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Toronto’s great streets

Last week the Ryerson City Building Institute published a terrific report on Toronto’s Great Streets. It profiles five streets in the city that have been “redesigned for greatness.” They are:

  • Harbord Street (continuous bike lanes)
  • Roncesvalles Avenue (placemaking and people)
  • St. Clair Avenue West (dedicated streetcar lane)
  • Queens Quay West (public waterfront promenade)
  • Market Street (prioritized for people and patios)

But what exactly makes a street a great one? The report describes it in this way: “They all play a key role in making the surrounding neighborhood a great place to live, work, and visit.”

This relates closely to what the City of Toronto calls a “complete street”, which is an approach to accommodating multiple kinds of users, enhancing the local context, and determining which trade-offs to make.

And there will always be trade-offs. I am fairly certain that all of these street redesigns were contentious at the time when they were proposed. Because at the end of the day they will never be all things to everyone.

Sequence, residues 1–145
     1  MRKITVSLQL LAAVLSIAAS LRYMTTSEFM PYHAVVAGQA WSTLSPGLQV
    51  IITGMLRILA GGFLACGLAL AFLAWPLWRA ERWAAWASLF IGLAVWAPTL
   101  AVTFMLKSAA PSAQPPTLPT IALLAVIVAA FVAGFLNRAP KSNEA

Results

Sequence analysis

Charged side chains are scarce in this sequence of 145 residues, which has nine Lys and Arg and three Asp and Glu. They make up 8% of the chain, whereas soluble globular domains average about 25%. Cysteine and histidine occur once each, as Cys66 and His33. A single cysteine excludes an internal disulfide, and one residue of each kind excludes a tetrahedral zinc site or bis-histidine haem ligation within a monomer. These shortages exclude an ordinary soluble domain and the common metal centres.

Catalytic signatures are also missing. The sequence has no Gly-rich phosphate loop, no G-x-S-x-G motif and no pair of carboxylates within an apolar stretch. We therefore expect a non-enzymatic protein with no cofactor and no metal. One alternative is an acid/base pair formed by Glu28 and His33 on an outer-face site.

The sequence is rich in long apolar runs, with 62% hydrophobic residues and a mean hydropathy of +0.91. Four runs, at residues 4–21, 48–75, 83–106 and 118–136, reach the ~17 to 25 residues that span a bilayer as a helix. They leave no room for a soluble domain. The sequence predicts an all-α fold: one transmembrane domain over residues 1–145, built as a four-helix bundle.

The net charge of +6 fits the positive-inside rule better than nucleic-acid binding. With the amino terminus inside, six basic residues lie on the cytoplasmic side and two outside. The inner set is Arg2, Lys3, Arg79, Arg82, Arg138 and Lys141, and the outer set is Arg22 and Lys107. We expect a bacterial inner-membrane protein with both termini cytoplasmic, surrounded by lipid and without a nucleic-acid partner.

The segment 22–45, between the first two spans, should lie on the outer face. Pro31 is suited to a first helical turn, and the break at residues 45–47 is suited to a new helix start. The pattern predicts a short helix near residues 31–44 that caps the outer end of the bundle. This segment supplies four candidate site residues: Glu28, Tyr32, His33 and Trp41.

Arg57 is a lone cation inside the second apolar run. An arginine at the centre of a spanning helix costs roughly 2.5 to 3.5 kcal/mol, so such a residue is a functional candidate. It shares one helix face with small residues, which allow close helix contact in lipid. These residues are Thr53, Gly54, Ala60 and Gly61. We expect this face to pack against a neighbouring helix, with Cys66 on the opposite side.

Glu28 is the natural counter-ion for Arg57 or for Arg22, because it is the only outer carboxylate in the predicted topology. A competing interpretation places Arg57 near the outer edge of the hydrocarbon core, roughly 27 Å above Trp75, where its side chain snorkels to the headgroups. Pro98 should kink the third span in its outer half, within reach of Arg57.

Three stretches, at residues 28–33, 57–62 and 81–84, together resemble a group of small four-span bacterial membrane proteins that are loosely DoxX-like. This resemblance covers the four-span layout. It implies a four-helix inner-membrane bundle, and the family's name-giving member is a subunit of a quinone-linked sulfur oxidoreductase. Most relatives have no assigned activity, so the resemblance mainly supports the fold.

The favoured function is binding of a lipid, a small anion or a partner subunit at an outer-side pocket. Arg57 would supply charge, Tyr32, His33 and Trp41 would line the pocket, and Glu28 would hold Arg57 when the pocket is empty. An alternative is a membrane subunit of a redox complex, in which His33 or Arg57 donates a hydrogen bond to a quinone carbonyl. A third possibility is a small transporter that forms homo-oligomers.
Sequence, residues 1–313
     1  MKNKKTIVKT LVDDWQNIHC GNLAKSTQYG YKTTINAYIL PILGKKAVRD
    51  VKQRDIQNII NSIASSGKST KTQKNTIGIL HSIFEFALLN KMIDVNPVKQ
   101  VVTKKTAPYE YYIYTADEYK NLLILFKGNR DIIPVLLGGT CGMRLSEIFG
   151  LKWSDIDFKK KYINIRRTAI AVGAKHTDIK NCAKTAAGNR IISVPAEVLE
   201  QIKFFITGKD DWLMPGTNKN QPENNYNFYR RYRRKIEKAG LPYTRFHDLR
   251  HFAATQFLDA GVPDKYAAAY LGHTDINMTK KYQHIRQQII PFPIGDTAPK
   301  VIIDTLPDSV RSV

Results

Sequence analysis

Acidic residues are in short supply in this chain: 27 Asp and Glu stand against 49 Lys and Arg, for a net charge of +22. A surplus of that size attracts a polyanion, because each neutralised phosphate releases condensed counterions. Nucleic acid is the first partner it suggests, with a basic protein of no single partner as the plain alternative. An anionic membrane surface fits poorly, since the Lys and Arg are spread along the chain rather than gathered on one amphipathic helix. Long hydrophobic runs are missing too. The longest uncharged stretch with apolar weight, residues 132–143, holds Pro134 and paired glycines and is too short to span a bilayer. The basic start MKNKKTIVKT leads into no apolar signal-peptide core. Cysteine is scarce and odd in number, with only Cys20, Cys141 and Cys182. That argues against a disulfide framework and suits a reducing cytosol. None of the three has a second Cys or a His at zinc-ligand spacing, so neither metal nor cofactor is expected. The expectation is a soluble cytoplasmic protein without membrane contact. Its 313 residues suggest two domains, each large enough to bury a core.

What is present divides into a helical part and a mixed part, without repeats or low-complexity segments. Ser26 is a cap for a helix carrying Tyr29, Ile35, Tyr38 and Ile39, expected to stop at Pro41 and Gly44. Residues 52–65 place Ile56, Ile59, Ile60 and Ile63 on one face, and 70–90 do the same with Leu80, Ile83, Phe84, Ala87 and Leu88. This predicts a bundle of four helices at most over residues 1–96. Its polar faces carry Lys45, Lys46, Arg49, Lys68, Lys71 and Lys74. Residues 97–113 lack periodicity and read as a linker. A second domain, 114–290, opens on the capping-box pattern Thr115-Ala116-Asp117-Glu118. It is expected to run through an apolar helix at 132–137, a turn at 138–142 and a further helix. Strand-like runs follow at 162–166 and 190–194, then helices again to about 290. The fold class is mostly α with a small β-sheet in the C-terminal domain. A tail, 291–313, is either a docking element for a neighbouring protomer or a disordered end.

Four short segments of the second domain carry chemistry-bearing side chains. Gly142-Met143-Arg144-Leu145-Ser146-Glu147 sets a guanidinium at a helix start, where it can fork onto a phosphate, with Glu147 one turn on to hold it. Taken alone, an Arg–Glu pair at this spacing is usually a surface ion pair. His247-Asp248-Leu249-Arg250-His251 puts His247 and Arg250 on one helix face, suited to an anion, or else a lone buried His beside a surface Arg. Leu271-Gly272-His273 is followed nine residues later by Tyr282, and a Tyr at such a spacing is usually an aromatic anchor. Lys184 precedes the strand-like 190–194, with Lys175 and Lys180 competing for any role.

I remember the St. Clair West fight vividly because I moved to the neighborhood in 2009 and the dedicated streetcar lane didn’t fully open until 2010. From 2005 to 2017, streetcar ridership grew 23%. But drivers have remained grouchy.

I now walk Market Street every single day and I agree that it’s one of the most beautiful and functional streets in the city. But the bollards are constantly getting beat up by drivers attempting to parallel park and the retail vacancy rate has not been 0% like is suggested in the report.

Queens Quay West is also a magnificent street. It was a giant step forward in terms of the quality of the public realm in this region and I spend a lot of time there. But it’s of course not perfect. All of us have seen the reports of cars ending up in odd locations, including underground, along the waterfront.

Riding your bike there can also feel like a challenging game of Frogger with all of the pedestrians that now obliviously meander back and forth across the cycling trail. I suggest riding with a good blow horn. The report rightly mentions the lack of delineation between these users.

But cities are a living laboratory and none of these streets should now be considered static. We are fortunate to be in a position to critique levels of greatness. If anything, the map at the top of this post tells me that we need to create more greatness across the other areas of this city.

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